The situation in Libya - Security Council, 8855th Meeting
Permanent Representative Calls for Electoral Assistance, as Civil Society Briefer Spotlights Humanitarian, Social Situations
The holding of free, fair and inclusive presidential and parliamentary elections as scheduled on 24 December is crucial to the stable future of Libya, delegates told the Security Council today, also expressing concern over a deteriorating humanitarian and economic situation.
Ján Kubiš, Special Envoy of the Secretary-General and Head of the United Nations Support Mission in Libya (UNSMIL), emphasized that holding elections is “much more desirable than not”, as the latter prospect may sow division and conflict.
Briefing Council on his recent visit to Libya, where he met with political actors, he cited efforts by the House of Representatives and the High National Election Commission to facilitate the process. He urged all Member States to send observation teams, in coordination with the country’s Government of National Unity.
Warning that aborting the elections “cannot be allowed” he noted that more than half a million new voters have been registered, driving the number to upwards of 2.8 million, 40 percent of them are women and most newly registered voters under the age of 30. “Libyan authorities and leaders must not let them down,” he stressed.
Underlining that uncertainty creates fertile ground for spoilers and sceptics, he noted that, while the political stalemate casts a shadow over the security situation, the ceasefire continues to hold, and there has been progress on implementing some elements of the ceasefire agreement. The border management Quartet Agreement comprising Libya, Sudan, Chad and Niger is a positive example of multilateral cooperation in tackling transnational crime, violent extremism and armed groups, he added.
He went on to point out the continuing decrease in the numbers of internally displaced persons, and to emphasize the primacy of a healthy economy. It is crucial to ensure stability in the oil sector — effectively the only source of wealth for all Libyans — and any attempts at closing oil lines, disrupting exports or disrupting the water system are unacceptable, he stated.
Also briefing the Council was Asma Khalifa, Co-founder of Tamazight Women’s Movement and the Khalifa Ihler Institute, who spotlighted the humanitarian side of the conflict, saying millions of Libyans continue to struggle with insufficient access to the most basic services. “The armed conflicts over the past decade have ravaged what little infrastructure existed,” with people looking towards the elections planned for December as a source of hope and solutions, she said. Should the polls fail to happen, or if the results are disputed in a similar scenario to what Libya saw in 2014, the outcome would be an even more fractured society and renewed violence, she warned.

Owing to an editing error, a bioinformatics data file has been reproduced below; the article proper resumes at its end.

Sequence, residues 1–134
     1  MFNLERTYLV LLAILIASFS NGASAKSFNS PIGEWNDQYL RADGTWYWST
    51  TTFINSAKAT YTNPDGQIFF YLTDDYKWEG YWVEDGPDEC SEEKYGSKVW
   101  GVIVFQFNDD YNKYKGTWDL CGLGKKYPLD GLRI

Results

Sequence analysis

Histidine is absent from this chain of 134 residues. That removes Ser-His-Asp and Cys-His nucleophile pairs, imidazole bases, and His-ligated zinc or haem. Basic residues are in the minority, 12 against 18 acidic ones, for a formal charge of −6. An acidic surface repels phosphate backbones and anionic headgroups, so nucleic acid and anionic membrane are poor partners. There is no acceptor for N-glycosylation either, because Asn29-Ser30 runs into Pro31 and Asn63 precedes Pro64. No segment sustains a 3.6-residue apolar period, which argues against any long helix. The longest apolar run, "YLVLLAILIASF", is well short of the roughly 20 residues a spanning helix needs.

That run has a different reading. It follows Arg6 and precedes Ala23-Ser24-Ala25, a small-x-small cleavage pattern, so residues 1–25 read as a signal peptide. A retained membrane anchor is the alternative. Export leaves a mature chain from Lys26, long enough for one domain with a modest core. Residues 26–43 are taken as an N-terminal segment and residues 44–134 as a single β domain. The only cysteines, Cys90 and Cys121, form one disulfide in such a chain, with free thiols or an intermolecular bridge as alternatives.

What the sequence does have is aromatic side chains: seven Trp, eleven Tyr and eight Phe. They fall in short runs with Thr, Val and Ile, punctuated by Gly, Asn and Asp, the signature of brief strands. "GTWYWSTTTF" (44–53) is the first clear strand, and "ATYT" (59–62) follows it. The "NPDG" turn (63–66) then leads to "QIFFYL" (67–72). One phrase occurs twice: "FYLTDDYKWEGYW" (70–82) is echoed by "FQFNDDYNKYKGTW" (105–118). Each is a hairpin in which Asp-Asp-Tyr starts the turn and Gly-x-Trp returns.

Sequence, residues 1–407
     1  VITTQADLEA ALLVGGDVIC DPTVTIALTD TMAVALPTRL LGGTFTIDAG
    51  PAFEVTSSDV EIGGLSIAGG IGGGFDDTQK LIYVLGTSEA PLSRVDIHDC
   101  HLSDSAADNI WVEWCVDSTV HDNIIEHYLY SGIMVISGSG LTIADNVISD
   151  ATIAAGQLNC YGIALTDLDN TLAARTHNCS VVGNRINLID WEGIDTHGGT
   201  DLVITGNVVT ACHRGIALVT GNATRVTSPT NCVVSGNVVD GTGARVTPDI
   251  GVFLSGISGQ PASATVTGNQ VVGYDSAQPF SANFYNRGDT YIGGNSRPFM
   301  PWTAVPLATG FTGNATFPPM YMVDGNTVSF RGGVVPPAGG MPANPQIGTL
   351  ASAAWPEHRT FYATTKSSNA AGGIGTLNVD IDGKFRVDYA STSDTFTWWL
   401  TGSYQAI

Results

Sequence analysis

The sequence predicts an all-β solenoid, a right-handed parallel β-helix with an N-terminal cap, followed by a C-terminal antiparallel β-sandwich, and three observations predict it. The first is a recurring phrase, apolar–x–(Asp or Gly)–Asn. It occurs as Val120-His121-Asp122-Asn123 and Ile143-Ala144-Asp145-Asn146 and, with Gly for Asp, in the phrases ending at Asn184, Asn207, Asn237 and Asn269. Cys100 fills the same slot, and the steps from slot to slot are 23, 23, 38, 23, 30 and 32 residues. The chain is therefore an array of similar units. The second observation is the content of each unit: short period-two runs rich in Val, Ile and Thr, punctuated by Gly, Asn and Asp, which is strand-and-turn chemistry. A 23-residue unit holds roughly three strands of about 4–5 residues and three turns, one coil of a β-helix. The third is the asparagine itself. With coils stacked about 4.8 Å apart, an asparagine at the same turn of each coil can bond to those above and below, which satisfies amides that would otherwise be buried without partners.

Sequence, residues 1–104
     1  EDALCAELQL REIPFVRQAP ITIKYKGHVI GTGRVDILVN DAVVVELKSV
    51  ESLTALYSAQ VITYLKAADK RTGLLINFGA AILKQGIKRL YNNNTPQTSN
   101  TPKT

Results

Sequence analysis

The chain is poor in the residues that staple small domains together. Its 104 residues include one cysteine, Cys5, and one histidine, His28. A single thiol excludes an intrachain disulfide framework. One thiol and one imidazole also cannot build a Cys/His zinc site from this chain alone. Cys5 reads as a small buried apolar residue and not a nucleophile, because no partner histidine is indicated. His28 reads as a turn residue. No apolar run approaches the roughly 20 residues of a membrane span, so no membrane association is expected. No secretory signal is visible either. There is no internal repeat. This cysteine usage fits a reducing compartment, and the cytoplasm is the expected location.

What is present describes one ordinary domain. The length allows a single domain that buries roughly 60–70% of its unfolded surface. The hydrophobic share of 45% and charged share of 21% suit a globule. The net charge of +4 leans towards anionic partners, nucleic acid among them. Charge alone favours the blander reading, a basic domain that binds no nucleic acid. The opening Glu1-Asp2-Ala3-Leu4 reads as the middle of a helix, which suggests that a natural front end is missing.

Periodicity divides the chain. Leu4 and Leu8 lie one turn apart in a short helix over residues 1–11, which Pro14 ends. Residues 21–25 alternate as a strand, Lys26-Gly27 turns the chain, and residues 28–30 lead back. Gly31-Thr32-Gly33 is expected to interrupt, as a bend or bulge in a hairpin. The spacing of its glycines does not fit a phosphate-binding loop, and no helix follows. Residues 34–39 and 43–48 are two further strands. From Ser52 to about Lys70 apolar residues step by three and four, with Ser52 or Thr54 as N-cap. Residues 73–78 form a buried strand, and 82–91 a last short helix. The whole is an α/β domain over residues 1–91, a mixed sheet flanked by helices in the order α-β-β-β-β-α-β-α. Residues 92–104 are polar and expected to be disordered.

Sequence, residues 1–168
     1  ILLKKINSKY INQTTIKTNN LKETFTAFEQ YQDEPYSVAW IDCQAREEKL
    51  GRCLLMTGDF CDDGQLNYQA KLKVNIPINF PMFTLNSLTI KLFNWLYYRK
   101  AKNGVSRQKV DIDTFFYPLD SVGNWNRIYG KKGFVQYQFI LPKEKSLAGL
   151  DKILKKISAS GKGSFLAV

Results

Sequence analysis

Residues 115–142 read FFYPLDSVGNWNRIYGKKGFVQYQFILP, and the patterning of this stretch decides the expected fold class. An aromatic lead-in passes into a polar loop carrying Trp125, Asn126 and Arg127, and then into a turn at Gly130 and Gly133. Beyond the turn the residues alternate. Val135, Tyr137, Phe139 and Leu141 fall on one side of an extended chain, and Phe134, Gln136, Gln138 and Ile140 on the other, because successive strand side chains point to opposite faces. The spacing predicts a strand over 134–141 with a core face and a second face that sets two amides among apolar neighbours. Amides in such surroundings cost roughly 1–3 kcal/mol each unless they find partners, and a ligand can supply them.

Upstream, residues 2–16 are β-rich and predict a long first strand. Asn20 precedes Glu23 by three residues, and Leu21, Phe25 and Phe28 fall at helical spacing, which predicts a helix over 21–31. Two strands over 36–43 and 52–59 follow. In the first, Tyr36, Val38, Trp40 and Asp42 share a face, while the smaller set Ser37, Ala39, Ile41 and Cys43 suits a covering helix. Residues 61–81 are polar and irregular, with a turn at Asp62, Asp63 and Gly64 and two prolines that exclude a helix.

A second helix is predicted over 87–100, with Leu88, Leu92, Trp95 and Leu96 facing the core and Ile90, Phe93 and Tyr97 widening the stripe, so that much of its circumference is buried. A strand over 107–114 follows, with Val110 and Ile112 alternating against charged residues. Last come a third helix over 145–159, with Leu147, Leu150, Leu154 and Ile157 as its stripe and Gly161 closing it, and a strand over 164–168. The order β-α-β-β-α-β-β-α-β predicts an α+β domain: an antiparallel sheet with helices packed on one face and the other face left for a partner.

Emphasizing the importance of a truth and reconciliation process allowing for greater ownership and acceptance by Libya’s people, she called for accountability and justice, with a truth-seeking mission extending to all parts of the country and considering both recent and historic grievances. Meanwhile, UNSMIL’s mandate must be more clearly defined, and its role — centred on mediation — should be properly communicated, she stressed.
With delegates echoing the importance of maintaining the electoral schedule, ensuring the election’s security, inclusiveness and transparency, Tunisia’s representative expressed confidence that “Libyan brethren” are committed to holding elections on time, he said, reiterating the importance of neighbouring countries and regional institutions in supporting the political process.
The representative of Saint Vincent and the Grenadines emphasized that the withdrawal of foreign fighters and mercenaries must be conducted in a supervised and orderly manner, she also expressed concern about the human rights situation, especially for the most vulnerable people — refugees and migrants, internally displaced persons, youth, women and girls.
Mexico’s representative, noted that, while the ceasefire agreement has reduced humanitarian needs, with 180,000 fewer internally displaced persons, 500,000 people remain in vulnerable situations and depend on humanitarian aid. He underlined the need to address the migrant situation, describing as unacceptable images of sinking boats and explosions in camps while the international community remains inactive.
The Russian Federation’s delegate cautioned that, despite some progress on the cessation of hostilities and movement towards parties avoiding mutual destruction, the Libyan Political Dialogue Forum road map has begun to falter. Whereas the cessation of hostilities is a major achievement, the threats posed by illegal migration and proliferation of weapons remain, he noted.
Libya’s representative, describing the present moment as a “critical time” in his nation’s history, said the light of hope, breakthrough and reconciliation is visible. Emphasizing that the democratic process must not be distorted, he urged the United Nations to deploy election needs assistance teams to guarantee a transparent and fair process. He called upon all factions to forgive and release the past, asserting that Libya has not surrendered and will return strong.
The Chair of the Security Council Committee established pursuant to Security Council resolution 1970 (2011) concerning Libya, provide an update on that body’s activities.
Also speaking today were representatives of the United Kingdom, Niger, France, Norway, China, India, United States, Viet Nam, Estonia, Kenya and Ireland.
The meeting began at 3:05 p.m. and ended at 5:16 p.m.